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Soul music

Pastor Michael Walrond Jr | 5/23/2012, 6:47 p.m.
Pastor Michael Walrond Jr.

There are lyrics that languish within the unfathomable corridors of the soul, lyrics that are longing for release. Deep within all of us, there is music shaped by the rhythms of our lives, and that music and those lyrics often remain hidden, unknown and untouched.

The irony is that there is a desire to give birth to the harmonies that make us whole, but it is the labor and delivery that causes us to cringe. Pain is the resented midwife that makes giving birth to the music, the melody and the lyrics so unpalatable.

Pain is so despised that there are those who would rather recycle familiar rhythms than launch out into the deep unknown, where new melodies reside. It is one of the supreme tragedies of life when individuals are so enamored of avoiding pain that they miss the opportunity to tap into what may be lying dormant in the soul.

I know this sounds strange or absurd to some, but in my life, pain has been a constant companion, Once I got past the years of resentment, I learned that there are times when pain and painful experiences can be the conduit to hidden treasures that my soul was yearning to reveal.

Isn't it amazing how revelations from the soul often come on the heels of experiences that have no reference point in our past? It is as if the deep places within, where new music resides, are best experienced in moments where there are no security blankets or familiar hiding places. Unfamiliar and uncharted pain often serves as an escort to those deep places within.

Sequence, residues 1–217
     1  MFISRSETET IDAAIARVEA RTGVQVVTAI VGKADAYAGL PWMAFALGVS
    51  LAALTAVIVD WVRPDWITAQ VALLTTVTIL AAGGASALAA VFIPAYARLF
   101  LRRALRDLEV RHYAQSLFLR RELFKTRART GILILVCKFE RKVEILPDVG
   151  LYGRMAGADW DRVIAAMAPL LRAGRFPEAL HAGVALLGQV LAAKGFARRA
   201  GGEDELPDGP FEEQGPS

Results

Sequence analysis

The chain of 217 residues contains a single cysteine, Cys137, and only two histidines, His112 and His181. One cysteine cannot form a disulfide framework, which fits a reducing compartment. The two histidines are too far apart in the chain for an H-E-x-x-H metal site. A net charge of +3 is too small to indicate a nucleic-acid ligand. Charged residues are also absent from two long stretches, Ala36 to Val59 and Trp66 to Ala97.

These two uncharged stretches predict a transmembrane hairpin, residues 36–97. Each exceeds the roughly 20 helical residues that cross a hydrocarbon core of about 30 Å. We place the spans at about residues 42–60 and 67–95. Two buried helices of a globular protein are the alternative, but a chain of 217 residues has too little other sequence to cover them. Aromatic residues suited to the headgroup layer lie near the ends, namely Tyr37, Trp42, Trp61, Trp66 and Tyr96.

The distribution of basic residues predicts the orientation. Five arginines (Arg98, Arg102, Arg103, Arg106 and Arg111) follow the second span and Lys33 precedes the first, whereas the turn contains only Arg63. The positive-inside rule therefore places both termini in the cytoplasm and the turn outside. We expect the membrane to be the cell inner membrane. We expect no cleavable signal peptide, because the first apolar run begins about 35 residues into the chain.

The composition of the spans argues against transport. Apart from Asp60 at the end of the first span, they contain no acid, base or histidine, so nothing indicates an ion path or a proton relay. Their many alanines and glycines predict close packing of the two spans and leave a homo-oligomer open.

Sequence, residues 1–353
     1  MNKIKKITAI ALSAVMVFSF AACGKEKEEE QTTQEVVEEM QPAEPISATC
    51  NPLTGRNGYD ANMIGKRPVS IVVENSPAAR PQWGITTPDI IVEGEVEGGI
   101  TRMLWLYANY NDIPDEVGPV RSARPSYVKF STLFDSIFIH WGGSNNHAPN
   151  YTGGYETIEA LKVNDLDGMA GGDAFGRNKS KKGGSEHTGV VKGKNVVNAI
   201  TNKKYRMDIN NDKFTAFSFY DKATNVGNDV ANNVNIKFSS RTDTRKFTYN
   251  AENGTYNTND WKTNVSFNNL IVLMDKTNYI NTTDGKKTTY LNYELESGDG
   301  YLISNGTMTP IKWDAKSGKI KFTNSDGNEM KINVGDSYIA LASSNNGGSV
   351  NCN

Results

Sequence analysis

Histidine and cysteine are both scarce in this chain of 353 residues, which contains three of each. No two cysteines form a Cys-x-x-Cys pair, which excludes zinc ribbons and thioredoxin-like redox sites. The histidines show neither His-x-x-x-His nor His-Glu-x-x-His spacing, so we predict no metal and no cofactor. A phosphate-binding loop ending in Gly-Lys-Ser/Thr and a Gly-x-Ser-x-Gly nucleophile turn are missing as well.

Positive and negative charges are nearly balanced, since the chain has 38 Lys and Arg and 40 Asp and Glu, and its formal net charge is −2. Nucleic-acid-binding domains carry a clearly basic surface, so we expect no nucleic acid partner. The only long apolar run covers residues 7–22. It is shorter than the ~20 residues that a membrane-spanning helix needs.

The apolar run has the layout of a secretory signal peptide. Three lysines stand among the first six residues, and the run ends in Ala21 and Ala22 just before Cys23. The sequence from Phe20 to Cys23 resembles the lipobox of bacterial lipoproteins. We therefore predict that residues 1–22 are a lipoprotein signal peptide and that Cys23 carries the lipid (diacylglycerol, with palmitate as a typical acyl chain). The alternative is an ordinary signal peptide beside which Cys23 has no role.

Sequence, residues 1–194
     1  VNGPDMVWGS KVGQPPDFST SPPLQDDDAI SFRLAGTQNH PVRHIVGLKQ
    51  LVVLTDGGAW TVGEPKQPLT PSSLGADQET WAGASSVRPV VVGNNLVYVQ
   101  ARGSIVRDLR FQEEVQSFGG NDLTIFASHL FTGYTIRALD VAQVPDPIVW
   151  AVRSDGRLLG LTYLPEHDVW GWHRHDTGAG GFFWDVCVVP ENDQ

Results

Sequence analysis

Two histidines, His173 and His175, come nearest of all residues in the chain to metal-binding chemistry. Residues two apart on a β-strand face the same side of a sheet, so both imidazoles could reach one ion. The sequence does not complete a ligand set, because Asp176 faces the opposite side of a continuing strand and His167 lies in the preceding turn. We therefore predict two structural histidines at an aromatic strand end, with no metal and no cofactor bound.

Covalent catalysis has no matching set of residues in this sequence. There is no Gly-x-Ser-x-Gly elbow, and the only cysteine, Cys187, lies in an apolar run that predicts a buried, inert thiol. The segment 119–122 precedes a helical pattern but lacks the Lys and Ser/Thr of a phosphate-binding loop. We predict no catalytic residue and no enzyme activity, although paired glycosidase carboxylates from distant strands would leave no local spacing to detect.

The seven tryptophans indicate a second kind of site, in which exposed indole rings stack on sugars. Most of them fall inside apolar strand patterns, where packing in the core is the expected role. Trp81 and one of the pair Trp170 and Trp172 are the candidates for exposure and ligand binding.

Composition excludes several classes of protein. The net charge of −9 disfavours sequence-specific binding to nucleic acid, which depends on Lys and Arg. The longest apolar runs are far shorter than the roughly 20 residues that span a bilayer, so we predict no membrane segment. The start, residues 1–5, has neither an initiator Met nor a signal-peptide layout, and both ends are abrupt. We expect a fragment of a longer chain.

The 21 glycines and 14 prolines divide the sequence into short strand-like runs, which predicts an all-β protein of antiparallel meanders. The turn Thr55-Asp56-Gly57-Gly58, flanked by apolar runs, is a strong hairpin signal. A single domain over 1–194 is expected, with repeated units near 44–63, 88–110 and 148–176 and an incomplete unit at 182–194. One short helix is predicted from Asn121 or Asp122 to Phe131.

I recently spent a week in a North Carolina hospital suffering from what is known as an MRSA (methicillin-resistant staphylococcus aureus) infection. There was bacteria in my blood and an infection in my leg. The experience was extremely painful, and now I must receive antibiotics intravenously for two weeks.

I have never experienced anything quite like this and there were moments when I wrestled with the absurdity of the whole situation; I had simply gone to North Carolina to preach, and two days later I found myself in the hospital battling a life-threatening infection.

I suffer from sarcoidosis and have spent much time in hospitals, but this was altogether different--my life was in jeopardy and I was straining to make sense of what was happening. It was in the moments of praying and groping for understanding that I came to realize that maybe this experience was not to be understood, but experienced.

How often have we had experiences that could have yielded transformative fruit, but we missed the moments of transformation and revelation because we were busy trying to make the situation make sense? In the process of trying to rationalize the experience, we missed the power of the experience. So there I was in the hospital bed, alleviated of any obligation to make sense of my condition, and I mustered the courage to experience the experience.

Now that I am back home and in recovery, I still trust that on the other side of this experience, my soul will yield music and lyrics that only my pain could have birthed. C.S. Lewis once wrote, "God whispers to us in our pleasures, speaks in our conscience but shouts in our pains--it is His megaphone to rouse a deaf world." God, I'm listening!